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By KNIGHT-RIDDER NEWS SERVICE | May 31, 1997
In a ruling that may force the U.S. Supreme Court to examine 1995 congressional reforms aimed at curbing securities lawsuits, San Francisco federal judge has dismissed a class-action suit against Silicon Graphics Inc. and left a mere crack in the courthouse door for investors suing over stock market fraud.U.S. District Judge Fern Smith, in what is believed to be the most comprehensive decision on the subject to date, concluded last week that the federal reforms severely restrict how investors may sue for securities violations.
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BUSINESS
By BLOOMBERG NEWS | June 25, 2005
WASHINGTON - James Clark, the Internet pioneer who co-founded Netscape Communications Corp., plans to start marketing computer software that he developed to automate his two yachts and Florida mansion. Clark formed closely held CommandScape Inc. in Redwood City, Calif., to determine whether there's demand for the software. He put $6.7 million of his money into CommandScape and raised about $5 million from investors for the company, which Clark estimates may one day generate revenue of as much as $50 million.
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BUSINESS
By Knight-Ridder News Service | June 21, 1993
Forget the dinosaurs. The real stars of "Jurassic Park" are the computers -- on screen and behind the camera -- that created the look and feel of this year's biggest blockbuster movie.On screen* APPLE: The control room for Jurassic Park, where the main characters seek refuge from rampaging reptiles, is packed with Quadra computers from Apple Computer Inc. of Cupertino, Calif. Look for a PowerBook in the Montana trailer-office where dinosaur scientists Sam Neill and Laura Dern first meet Jurassic Park owner Richard Attenborough.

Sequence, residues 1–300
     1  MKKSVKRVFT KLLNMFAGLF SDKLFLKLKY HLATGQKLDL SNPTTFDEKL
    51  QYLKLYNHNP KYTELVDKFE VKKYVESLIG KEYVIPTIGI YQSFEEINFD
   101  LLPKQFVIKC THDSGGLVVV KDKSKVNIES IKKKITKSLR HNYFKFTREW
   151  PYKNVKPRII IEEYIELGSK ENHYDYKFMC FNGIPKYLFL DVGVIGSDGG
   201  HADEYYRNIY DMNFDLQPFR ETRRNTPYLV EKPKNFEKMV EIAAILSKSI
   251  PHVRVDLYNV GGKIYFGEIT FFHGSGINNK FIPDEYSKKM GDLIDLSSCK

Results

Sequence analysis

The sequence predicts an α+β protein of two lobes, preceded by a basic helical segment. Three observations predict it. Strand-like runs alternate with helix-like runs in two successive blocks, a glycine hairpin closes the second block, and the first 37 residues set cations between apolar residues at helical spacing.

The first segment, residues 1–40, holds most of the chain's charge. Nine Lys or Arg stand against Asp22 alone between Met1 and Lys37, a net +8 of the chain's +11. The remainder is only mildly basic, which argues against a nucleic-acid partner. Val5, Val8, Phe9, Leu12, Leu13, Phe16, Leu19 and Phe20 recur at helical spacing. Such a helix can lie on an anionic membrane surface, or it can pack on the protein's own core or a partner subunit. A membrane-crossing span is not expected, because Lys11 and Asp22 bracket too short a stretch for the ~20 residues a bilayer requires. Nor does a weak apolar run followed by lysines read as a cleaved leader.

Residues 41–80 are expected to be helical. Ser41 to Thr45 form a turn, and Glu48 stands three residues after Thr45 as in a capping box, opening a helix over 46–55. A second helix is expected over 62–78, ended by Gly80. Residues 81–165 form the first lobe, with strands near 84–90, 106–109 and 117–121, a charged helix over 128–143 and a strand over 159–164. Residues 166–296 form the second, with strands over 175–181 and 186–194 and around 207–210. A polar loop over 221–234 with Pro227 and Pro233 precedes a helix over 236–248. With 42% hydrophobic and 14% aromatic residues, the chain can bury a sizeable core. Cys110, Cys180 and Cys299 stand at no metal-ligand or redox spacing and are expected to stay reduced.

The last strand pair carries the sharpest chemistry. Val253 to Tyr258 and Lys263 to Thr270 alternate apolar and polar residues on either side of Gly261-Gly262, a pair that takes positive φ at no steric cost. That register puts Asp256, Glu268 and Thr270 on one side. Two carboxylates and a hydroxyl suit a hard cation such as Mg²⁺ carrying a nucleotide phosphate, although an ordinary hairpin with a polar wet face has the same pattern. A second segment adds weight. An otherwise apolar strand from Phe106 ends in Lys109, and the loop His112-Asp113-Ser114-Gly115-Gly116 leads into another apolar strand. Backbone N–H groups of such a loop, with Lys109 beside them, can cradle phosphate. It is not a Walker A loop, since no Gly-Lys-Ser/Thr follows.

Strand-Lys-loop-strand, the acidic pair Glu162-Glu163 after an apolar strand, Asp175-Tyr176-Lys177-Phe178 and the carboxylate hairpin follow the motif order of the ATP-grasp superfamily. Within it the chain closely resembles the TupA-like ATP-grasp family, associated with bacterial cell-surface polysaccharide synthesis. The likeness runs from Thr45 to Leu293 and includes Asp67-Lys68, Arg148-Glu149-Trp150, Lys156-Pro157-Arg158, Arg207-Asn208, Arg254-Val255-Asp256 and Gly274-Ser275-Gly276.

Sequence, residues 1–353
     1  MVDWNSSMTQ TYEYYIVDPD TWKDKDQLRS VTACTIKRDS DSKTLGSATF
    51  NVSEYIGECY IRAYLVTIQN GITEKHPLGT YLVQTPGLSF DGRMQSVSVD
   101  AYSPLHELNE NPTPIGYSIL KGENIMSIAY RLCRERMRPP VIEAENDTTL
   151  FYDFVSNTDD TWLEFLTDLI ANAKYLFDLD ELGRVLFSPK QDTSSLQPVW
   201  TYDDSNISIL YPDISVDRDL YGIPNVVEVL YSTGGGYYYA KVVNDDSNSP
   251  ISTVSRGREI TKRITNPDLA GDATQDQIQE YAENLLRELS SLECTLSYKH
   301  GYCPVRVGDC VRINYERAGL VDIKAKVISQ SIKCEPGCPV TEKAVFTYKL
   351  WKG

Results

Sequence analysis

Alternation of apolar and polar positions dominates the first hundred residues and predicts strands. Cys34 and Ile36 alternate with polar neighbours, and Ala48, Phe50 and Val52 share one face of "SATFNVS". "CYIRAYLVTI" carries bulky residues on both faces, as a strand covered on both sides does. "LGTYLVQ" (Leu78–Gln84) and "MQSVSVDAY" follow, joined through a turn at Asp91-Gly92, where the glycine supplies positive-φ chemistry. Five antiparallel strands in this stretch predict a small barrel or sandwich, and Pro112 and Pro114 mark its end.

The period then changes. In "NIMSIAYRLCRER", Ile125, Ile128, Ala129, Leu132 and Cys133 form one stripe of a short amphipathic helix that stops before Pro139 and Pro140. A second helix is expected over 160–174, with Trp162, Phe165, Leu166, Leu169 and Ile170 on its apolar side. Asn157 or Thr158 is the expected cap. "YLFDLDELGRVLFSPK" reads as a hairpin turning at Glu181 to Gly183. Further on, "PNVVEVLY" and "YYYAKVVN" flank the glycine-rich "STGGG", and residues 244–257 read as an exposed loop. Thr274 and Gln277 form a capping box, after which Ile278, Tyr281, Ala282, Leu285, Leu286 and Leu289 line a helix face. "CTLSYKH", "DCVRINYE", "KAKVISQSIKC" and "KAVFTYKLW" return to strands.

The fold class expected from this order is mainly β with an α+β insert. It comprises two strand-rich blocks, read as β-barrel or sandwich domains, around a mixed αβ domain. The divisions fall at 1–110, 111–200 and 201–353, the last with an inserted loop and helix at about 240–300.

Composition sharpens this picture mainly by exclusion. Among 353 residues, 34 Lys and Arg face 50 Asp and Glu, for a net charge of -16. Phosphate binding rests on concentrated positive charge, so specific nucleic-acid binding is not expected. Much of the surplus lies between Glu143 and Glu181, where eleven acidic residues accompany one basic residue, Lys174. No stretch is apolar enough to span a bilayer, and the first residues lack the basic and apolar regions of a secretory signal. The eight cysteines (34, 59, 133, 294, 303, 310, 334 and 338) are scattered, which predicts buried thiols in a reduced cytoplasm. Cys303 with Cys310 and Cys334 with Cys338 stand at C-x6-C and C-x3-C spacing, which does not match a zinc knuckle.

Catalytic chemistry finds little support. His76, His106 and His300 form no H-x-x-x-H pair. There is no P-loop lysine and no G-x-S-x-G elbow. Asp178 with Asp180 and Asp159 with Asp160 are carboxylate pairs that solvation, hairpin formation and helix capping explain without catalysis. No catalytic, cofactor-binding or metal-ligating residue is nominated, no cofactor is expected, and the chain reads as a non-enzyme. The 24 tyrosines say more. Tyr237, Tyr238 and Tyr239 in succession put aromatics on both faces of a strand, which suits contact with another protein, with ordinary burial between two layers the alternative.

BUSINESS
By KNIGHT-RIDDER NEWS SERVICE | May 31, 1997
In a ruling that may force the U.S. Supreme Court to examine 1995 congressional reforms aimed at curbing securities lawsuits, San Francisco federal judge has dismissed a class-action suit against Silicon Graphics Inc. and left a mere crack in the courthouse door for investors suing over stock market fraud.U.S. District Judge Fern Smith, in what is believed to be the most comprehensive decision on the subject to date, concluded last week that the federal reforms severely restrict how investors may sue for securities violations.
BUSINESS
June 22, 1994
AT&T, Silicon Graphics join forcesAT&T Corp. and Silicon Graphics Inc. plan to announce an alliance today aimed at developing and marketing networks that deliver interactive television and on-line computer services into the home, the New York Times reported yesterday.The alliance brings together two powerful suppliers in the race between telephone and cable television companies to build multimedia networks, like those being built by Bell Atlantic Corp. the mid-Atlantic states and by Time Warner Inc. in Orlando, Fla.People familiar with the plans said Mountain View, Calif.
BUSINESS
By BLOOMBERG NEWS | June 25, 2005
WASHINGTON - James Clark, the Internet pioneer who co-founded Netscape Communications Corp., plans to start marketing computer software that he developed to automate his two yachts and Florida mansion. Clark formed closely held CommandScape Inc. in Redwood City, Calif., to determine whether there's demand for the software. He put $6.7 million of his money into CommandScape and raised about $5 million from investors for the company, which Clark estimates may one day generate revenue of as much as $50 million.